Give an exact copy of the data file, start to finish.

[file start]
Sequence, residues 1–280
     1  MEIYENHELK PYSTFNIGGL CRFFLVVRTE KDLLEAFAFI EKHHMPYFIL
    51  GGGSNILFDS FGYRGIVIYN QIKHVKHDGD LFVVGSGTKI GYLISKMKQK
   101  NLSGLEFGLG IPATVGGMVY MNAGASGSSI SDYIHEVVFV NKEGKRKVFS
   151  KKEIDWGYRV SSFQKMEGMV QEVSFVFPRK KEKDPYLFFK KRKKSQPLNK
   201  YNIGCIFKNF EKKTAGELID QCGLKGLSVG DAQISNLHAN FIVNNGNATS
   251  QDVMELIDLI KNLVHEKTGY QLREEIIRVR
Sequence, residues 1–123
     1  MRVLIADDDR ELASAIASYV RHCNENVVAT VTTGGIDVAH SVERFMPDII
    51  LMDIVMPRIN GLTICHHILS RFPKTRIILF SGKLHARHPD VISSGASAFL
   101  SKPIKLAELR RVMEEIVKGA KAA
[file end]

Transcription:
Sequence, residues 1–280
     1  MEIYENHELK PYSTFNIGGL CRFFLVVRTE KDLLEAFAFI EKHHMPYFIL
    51  GGGSNILFDS FGYRGIVIYN QIKHVKHDGD LFVVGSGTKI GYLISKMKQK
   101  NLSGLEFGLG IPATVGGMVY MNAGASGSSI SDYIHEVVFV NKEGKRKVFS
   151  KKEIDWGYRV SSFQKMEGMV QEVSFVFPRK KEKDPYLFFK KRKKSQPLNK
   201  YNIGCIFKNF EKKTAGELID QCGLKGLSVG DAQISNLHAN FIVNNGNATS
   251  QDVMELIDLI KNLVHEKTGY QLREEIIRVR
Sequence, residues 1–123
     1  MRVLIADDDR ELASAIASYV RHCNENVVAT VTTGGIDVAH SVERFMPDII
    51  LMDIVMPRIN GLTICHHILS RFPKTRIILF SGKLHARHPD VISSGASAFL
   101  SKPIKLAELR RVMEEIVKGA KAA